As much hostility as adherents of the world’s religions tend to display toward each other, they reserve their greatest animosity for those who reject religion outright. Because atheists deny the notion of a supreme spiritual authority, they are often derided as amoral, libertine or, in perhaps the biggest slight of all, moral relativists. In Reasonable Atheism, Vanderbilt philosophy professors Scott F. Aikin and Robert B. Talisse argue just the opposite. If anything, they say, atheists can be more moral than believers because their moral principles are worked out in the real world, relying on logic and reason rather than religious dogma.
Unlike “New Atheists” Sam Harris and Christopher Hitchens, the authors of Reasonable Atheism don’t seek to eradicate religion. Though they clearly believe religion is wrong-headed, even dangerous, their goal instead is to show that godlessness is a reasonable position and deserves the same respect afforded mainstream belief systems. Further, Aikin and Talisse argue that believers who don’t intellectually engage with atheism aren’t behaving as responsible moral actors. The difference between moral and immoral people is a matter of behavior and character rather than religious belief, the authors argue.
Reasonable Atheism begins by examining what the authors call “Mom’s Maxim,” the notion that it’s impolite to discuss matters of religion or politics in mixed company. While acknowledging the need to be polite, they maintain that core beliefs like religion and politics are exactly the sort of things that should be discussed in mixed company — that is, among people who hold differing views. Because our core beliefs are central to who we are, it is of utmost importance to ensure that these views are correct, and what better way to ensure correctness, ask Aikin and Talisse, than “to take seriously the reasons, arguments, and criticisms of those who disagree”?
With the door open for dialogue, Reasonable Atheism sets about constructing a rational moral system that doesn’t require religious adherence. The brand of atheism Aikin and Talisse advocate gets its moral force from what they call an “ethics of belief.” Belief, they argue, is an active enterprise with both inward-seeking and outward-seeking components. On the inward side, moral actors must continually appraise the validity of the reasons behind what they believe. On the outward side, an ethics of belief requires that we consider the effect our beliefs and conduct have on others. Christianity, they maintain, fails to satisfy on both counts. Consider, for example, the conviction that all objective truth comes from God. If you hold this belief, then there’s really no need to appraise anything: If God forbids it, it’s wrong, and you disobey at your peril. But, the authors argue, this position confuses self-interest with morality. True morality, they say, depends on interpretation and moral reasoning, without which it’s impossible to make sense of God’s commands. How, for instance, should the believer take the biblical command in Deuteronomy 17 to stone non-believers to death?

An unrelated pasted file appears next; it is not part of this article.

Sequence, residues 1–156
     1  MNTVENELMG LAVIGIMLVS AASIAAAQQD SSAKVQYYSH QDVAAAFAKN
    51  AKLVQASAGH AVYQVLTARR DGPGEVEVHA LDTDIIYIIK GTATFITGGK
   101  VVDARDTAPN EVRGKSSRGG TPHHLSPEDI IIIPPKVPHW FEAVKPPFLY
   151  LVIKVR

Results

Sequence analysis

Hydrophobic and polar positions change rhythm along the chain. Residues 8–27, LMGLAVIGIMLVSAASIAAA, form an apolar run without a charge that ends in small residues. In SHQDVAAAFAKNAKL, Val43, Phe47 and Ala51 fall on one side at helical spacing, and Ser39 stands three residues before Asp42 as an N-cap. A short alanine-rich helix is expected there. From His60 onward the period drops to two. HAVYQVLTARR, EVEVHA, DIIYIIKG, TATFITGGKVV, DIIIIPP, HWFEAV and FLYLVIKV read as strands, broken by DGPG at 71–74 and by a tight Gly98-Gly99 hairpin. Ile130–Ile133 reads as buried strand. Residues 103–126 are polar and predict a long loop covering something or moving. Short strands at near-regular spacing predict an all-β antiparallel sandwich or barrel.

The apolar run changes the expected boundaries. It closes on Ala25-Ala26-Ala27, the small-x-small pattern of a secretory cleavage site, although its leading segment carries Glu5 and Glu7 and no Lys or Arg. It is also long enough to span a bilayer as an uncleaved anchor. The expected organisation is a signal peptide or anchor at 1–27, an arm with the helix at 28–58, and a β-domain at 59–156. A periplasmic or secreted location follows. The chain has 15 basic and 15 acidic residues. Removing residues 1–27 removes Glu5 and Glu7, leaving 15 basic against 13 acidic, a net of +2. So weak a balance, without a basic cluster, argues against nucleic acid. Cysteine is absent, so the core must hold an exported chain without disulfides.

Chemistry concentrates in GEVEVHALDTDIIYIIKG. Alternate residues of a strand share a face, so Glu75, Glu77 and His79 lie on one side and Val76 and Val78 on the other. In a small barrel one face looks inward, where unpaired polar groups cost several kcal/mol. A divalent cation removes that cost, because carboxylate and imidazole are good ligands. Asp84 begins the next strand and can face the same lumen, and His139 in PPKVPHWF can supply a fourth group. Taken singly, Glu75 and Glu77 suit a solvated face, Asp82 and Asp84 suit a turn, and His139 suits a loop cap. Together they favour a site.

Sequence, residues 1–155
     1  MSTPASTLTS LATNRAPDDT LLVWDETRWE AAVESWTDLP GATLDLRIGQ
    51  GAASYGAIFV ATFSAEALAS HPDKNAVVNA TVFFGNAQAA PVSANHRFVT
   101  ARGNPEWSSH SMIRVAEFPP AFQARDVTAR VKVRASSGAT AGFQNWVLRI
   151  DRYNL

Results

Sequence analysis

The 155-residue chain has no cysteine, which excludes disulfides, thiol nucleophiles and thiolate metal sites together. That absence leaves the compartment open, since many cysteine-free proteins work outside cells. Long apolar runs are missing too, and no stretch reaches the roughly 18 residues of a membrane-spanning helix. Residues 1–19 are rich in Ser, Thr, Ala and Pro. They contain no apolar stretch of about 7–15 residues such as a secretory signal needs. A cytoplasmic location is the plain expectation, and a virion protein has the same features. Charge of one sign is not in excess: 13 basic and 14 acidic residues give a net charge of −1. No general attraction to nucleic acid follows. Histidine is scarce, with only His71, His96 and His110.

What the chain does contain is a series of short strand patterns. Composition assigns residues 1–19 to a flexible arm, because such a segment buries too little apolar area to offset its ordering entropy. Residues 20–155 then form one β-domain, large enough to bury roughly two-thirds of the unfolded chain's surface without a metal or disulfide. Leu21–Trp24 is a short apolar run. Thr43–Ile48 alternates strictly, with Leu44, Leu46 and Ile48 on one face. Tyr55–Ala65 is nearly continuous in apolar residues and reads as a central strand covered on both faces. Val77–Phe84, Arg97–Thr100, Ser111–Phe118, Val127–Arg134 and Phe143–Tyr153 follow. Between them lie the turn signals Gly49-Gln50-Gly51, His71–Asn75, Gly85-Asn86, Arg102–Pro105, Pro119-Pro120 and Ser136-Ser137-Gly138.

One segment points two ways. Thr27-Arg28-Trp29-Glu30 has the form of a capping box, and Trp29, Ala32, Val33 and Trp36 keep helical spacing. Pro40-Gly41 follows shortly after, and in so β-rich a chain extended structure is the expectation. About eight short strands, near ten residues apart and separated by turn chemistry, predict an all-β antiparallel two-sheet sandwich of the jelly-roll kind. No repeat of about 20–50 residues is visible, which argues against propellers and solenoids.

“No one is good in virtue of rote obedience to commands,” write Aikin and Talisse, “even if those commands come from God.” This puts atheists in a unique position: Because they aren’t forced to rationalize the existence of evil — and thus make a moral exception for God — atheists alone have the capacity to be consistent in their moral judgments.
Lest they be accused of being too firmly entrenched in the modernist camp, Aikin and Talisse are quick to note that life is messy. In the real world, values conflict. Take, for example, the duty to be truthful and the duty to avoid hurting someone’s feelings. In such cases, say the authors, “We can do no better than to try to coordinate our best and most reflectively held judgments.” Still, Reasonable Atheism takes for granted the idea that truth flows naturally from logic, a decidedly modernist assumption. Because they argue against first-cause principles, the God that Aikin and Talisse reject is necessarily hegemonic and overwhelming. But it’s possible to look to other forms of proof to show that this definition isn’t the only option. A proof from quantum mechanics, for example, might demonstrate that God — or the Universe, if one rejects God — is a form of consciousness or series of consciousnesses. In any case, the unknown doesn’t have to be bound by decidedly Western logic, which, it bears mentioning, is as much a socially learned skill as language or mathematics.
But disproving the existence of God is only the by-product of Reasonable Atheism. For Aikin and Talisse, the main goal is to disprove the notion that religious people have a monopoly on good behavior. They maintain that religious belief not only impedes true ethical behavior, it stands in the way of democracy itself. Because democracy requires that laws be based on reason, citizens act immorally when they vote solely on the basis of religious conviction.
Above all, Reasonable Atheism seeks to correct the idea that atheists are immoral and self-serving. For this reason alone, the book should be required reading for anyone with the courage to consider seriously their own beliefs — especially if one of those beliefs includes the notion that secularism is gradually eroding this country’s moral base. “We have tried to lay the groundwork for a civil and reasonable public debate about God, morality, and democracy,” the authors write. “With this aim in mind, we have tried to articulate a workable conception of responsible, intellectual engagement among adversaries.” In a political climate that’s increasingly charged by matters of religion, attaining that goal seems more and more important.
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